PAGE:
To link or not to link??

There are numerous clinical, logistic and financial advantages from linking teeth to implant restorations.  Tarnow et al 2009  presented a literature review to on the subject of linking teeth and they sited a high risk of intrusion of abutment teeth in cases of parafunction or when semi-rigid (ie fixed movable) connectors were used. Palmer et al 2005 demonstrated high success rates with minimal critical complications like bone loss or tooth intrusion when linking teeth and implants with telescopic crowns and multi-unit bridge work cemented with temporary cement to allow for retrievability.

This  approach was utilised for the presented patient to replace missing teeth in the posterior mandible which had extensive vertical and horizontal resorption. The resorption precluded placement of an implant in the LR5 region due to the proximity of the mental nerve and a concavity in the mental area of the mandible.  Moreover, the LR4 was heavily restored in close proximity to the alveolar crest. This tooth would have an improved prognosis with crown lengthening and cuspal protection. It therefore became possible to consider placement of an implant in the LR6 position and to crown lengthen the LR4 at the same time. The eventual restorative plan would be to place a telescopic crown on the LR4 and a stock abutment on the LR6 implant and to link the two with a 3 unit bridge cemented with tempbond. This is in keeping with the Palmer et al proposed treatment journey.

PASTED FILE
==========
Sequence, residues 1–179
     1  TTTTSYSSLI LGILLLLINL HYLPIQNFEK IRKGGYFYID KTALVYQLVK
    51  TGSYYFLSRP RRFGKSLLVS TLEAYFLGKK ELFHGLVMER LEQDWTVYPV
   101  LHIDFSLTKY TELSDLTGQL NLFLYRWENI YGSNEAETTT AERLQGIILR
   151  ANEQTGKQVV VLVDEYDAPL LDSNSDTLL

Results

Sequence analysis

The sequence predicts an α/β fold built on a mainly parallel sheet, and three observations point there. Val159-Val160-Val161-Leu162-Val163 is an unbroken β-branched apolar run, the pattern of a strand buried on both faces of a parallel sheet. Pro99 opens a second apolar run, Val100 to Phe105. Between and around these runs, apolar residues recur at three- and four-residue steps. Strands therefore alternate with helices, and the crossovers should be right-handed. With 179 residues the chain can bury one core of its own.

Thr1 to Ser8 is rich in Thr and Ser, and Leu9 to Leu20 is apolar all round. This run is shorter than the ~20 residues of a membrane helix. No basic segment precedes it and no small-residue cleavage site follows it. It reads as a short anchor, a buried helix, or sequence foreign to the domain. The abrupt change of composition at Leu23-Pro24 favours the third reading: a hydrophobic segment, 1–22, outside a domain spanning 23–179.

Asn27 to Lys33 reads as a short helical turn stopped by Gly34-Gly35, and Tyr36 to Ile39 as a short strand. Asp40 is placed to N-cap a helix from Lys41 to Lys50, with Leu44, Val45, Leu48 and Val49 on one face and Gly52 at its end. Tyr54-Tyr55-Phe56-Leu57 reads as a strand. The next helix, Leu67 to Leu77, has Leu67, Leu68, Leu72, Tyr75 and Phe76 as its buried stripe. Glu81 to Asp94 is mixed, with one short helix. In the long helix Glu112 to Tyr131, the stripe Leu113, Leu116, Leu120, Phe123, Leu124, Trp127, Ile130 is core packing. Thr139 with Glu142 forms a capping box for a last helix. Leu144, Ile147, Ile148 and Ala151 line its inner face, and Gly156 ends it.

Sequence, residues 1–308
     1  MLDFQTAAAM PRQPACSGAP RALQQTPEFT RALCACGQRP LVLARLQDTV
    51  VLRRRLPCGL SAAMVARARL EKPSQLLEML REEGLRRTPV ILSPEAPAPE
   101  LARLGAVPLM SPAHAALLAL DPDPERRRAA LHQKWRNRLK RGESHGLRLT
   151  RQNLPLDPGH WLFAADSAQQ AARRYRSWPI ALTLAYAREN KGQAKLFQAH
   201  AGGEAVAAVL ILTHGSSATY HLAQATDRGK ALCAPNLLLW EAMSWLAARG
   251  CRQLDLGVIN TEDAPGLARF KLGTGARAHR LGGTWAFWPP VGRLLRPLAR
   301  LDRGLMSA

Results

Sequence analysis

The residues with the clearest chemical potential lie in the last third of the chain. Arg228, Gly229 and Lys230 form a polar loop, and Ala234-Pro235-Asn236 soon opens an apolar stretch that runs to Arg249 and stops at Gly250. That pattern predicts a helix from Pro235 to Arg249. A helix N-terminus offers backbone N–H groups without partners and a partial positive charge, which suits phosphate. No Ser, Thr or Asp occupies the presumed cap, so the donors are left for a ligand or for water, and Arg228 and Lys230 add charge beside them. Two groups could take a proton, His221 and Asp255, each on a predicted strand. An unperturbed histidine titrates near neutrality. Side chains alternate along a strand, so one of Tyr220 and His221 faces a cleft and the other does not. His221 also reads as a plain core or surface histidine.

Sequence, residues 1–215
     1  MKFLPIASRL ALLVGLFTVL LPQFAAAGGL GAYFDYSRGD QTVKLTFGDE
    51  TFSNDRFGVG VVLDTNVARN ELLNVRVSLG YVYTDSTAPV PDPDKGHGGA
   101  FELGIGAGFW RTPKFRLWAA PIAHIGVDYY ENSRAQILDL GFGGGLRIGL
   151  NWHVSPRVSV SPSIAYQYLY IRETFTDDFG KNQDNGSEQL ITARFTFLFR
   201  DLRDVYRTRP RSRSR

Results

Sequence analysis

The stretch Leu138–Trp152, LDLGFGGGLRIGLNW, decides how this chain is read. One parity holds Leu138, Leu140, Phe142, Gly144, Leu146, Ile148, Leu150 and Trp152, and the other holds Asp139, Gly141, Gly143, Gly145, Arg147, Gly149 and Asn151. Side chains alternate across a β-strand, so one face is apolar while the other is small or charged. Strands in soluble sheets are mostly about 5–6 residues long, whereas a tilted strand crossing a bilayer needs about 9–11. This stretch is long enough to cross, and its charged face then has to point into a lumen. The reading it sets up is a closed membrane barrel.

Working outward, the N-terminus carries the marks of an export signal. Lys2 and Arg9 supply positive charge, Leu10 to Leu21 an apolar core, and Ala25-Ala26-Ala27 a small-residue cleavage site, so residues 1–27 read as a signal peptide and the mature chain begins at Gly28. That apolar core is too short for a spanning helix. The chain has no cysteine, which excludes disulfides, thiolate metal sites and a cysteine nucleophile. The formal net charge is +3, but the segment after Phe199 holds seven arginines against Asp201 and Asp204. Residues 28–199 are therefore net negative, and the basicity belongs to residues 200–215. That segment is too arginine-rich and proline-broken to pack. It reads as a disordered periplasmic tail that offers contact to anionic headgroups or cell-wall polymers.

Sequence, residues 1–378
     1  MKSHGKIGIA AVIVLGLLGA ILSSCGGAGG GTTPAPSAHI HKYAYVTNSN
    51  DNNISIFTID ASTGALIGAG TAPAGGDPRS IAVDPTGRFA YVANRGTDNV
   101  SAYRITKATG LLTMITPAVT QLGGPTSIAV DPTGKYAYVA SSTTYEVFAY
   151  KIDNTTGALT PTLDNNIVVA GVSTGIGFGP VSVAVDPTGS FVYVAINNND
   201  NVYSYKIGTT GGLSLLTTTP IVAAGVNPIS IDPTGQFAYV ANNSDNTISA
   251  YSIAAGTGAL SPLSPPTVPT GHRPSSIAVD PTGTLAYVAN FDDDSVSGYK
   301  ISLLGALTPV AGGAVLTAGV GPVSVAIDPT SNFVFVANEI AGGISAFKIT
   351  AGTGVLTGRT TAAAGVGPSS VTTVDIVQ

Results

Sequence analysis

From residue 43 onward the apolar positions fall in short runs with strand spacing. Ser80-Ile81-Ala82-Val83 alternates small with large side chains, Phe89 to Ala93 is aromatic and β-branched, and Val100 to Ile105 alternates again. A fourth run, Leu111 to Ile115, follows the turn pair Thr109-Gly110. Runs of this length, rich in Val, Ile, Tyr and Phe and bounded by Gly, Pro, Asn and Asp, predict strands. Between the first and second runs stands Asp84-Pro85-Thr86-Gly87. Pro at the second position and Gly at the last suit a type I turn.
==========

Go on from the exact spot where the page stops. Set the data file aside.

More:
The treatment plan was executed with ease and minimal morbidity. The alternatives  include:

  • placement of implant in the LR7 and LR6 to replace LR765 with a 3 unit bridge and to crown the LR4 separately. This would have increase costs biologically and financially and was rejected by the patient.
  • implant in the LR6 along with removal of the LR4 to place an implant in its position, therefore allowing for a three unit prosthesis to replace LR456. This is highly complex due to the thin buccal bone in the LR4 site which will make placement of an implant in that site challenging. This option was rejected by the patient
  • inferior alveolar nerve repositioning with implant placement in the Lr56 position for two separate crowns on the LR56. The high risk of paraesthesia makes this the least desirable alternative and as such the patient rejected it.

I would like to thank Juliette Reeves (RDH) for the exceptional post surgical maintenance and Paul Dumpleton (RDT) for the precise margins of the crown and bridge work. 


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